Thousands of films have featured evil and murder as their subjects, but no filmmakers can master the topics the way Alfred Hitchcock could. Where other directors make movies about bogeymen who slash people to ribbons for revenge or bloodlust or money, Hitchcock took delight in portraying evil not as the nightmarish visions of the slasher, but as good-looking young men who could easily blend into the crowd. Real evil more often comes with a friendly smile and a handshake than it does with a knife.
Take Brandon Shaw (John Dall), the murderer in Rope. Brandon kills not because of anger or for profit, but for the artistry of it; the thought of killing an inferior being and getting away with it scot-free is too intriguing to pass up. To him, murder isn't just an unparalleled adrenaline rush, but an art form. Minutes after strangling David Kently and hiding the corpse in a large wooden chest in his living room, he has a dinner party where the guests include David's parents and fiancee. Even better, hors d'oeuvres will be served on the temporary grave. His joy and satisfaction are palatable — "The perfect crime," he says to his partner, "with no mistakes".
He is wrong. His first mistake was to include Phillip Morgan (Farley Granger), his roommate and homosexual lover, in the plan. Unlike Brandon, Phillip isn't a psychopath, and finds himself instantly smitten with guilt over the crime. Brandon likely foresaw this, but with an ego as big as his, was unable to comprehend performing the perfect crime and then having no one to boast about it with.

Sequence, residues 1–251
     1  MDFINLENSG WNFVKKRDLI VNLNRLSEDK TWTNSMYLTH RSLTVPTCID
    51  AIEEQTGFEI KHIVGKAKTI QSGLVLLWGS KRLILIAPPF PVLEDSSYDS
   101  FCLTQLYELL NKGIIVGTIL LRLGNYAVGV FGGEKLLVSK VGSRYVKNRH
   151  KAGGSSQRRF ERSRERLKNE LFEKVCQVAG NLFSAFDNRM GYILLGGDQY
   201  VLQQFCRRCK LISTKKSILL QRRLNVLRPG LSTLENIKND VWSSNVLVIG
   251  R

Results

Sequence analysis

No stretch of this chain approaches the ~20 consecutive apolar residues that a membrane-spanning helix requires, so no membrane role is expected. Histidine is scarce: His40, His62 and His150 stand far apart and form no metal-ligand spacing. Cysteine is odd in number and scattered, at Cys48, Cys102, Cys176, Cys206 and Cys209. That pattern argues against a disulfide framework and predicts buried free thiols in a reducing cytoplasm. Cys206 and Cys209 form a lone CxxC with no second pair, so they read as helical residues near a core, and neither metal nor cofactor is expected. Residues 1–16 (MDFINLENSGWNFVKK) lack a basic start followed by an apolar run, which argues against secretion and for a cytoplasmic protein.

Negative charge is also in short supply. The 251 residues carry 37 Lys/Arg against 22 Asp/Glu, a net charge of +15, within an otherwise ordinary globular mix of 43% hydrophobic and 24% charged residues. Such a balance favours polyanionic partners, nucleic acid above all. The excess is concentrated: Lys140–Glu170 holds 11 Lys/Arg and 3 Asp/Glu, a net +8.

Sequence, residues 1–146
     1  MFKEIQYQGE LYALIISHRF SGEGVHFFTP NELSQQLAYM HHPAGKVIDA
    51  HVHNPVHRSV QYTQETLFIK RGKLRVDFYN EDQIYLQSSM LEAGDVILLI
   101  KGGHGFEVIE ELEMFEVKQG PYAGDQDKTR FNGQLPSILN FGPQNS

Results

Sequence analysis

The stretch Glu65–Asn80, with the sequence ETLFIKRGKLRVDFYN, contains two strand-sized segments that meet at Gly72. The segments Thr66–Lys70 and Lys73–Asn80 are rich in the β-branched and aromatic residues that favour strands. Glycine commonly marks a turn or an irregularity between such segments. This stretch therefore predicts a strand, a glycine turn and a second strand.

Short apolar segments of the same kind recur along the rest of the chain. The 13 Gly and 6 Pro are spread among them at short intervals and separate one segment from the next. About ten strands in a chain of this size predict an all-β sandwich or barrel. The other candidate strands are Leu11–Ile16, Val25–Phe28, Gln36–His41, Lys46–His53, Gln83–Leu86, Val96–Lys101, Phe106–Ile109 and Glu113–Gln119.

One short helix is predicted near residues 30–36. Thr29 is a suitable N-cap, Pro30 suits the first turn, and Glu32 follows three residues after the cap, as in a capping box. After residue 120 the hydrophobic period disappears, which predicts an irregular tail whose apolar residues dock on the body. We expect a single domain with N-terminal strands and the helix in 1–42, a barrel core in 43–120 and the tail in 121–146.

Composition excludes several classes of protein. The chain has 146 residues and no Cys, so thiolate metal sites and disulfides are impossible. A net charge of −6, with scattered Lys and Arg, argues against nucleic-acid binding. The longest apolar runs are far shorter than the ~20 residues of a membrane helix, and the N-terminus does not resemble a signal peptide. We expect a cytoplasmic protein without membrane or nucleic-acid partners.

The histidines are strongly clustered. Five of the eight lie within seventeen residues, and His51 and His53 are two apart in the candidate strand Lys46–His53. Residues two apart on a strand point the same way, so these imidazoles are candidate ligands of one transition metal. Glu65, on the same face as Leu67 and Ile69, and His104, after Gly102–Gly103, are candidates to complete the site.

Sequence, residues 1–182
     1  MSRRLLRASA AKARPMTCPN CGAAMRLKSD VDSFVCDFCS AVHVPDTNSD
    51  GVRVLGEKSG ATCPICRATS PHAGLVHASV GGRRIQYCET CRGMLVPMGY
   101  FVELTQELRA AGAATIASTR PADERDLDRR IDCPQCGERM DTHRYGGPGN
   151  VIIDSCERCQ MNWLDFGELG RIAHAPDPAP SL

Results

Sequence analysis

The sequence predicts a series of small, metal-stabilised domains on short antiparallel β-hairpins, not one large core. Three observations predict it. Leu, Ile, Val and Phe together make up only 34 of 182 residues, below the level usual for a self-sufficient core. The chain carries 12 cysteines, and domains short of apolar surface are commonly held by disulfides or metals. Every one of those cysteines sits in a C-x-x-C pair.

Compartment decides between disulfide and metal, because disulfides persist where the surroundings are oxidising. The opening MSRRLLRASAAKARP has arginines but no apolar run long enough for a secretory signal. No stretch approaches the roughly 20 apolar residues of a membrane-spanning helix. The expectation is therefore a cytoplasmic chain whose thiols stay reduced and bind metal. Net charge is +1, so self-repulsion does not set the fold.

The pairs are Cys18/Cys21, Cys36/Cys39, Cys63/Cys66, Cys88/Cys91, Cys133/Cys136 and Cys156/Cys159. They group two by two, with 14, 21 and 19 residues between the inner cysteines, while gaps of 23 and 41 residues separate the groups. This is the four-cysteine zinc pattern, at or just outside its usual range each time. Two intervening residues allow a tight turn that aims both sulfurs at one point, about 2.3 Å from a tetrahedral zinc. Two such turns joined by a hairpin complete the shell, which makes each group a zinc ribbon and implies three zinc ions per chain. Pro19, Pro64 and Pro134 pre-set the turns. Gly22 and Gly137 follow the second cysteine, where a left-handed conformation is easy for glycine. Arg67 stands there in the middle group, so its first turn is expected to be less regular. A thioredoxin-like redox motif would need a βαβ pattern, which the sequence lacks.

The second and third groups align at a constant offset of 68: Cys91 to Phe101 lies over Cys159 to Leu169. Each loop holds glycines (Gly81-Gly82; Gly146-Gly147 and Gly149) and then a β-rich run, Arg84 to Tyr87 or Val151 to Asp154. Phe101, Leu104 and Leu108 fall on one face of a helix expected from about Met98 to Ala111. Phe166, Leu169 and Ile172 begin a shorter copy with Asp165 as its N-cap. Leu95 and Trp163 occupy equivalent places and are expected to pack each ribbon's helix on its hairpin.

His second mistake was to invite Rupert Cadell (Jimmy Stewart, perfect as always), their old teacher, to the dinner party. Brandon couldn't resist, as Rupert's discussions about Nietzsche's's superman philosophy provided the moral justification to Brandon that spurred him to commit the murder in the first place. And, while fooling the rest of the dinner guests may be easy, Rupert's constant suspicion and inquisitiveness provide a real challenge, the finishing touch to this masterpiece of crime. Surely even if Rupert discovered the truth, he'd understand, right?
The key to understanding the film lies as much within Rupert as it does the murderers. The smarmy intellectual type, Rupert casually endorses legal murder as a privilege of the elite, though Brandon remarks that Rupert could never actually go through with it. How many of us have fantasized about the semantics of pulling off a murder, or casually remarked that while we were deserving of certain privileges, others aren’t? Rupert's reaction to the truth seems to be suggesting that Hitchcock wants us to hold the mirror up to ourselves.
The film takes place almost in real time, entirely within Brandon and Phillip's apartment, with a mere nine takes. Hitchcock directs with awe-inspiring confidence and skill, allowing the tension to stretch and push the audience to the edge, before smoothly pulling back for a calm which ensures the next call will be even closer.
Unlike most contemporary thrillers, Rope relies on dialogue and a slow, almost torturous burn to generate suspense. The audience already knows the details of the crime, but will the murderers be discovered, and if so, how will everyone react? Rope's plot revolves not around What Will Happen, but What Will Happen Afterwards, in many ways a superior point of view to base the movie around. After all, once big events that occur in our lives are done and over with, we have to live with the consequences, don't we? Hitchcock understands that, but unfortunately for Brandon and Phillip, they don't.
My rating: 5 out of 5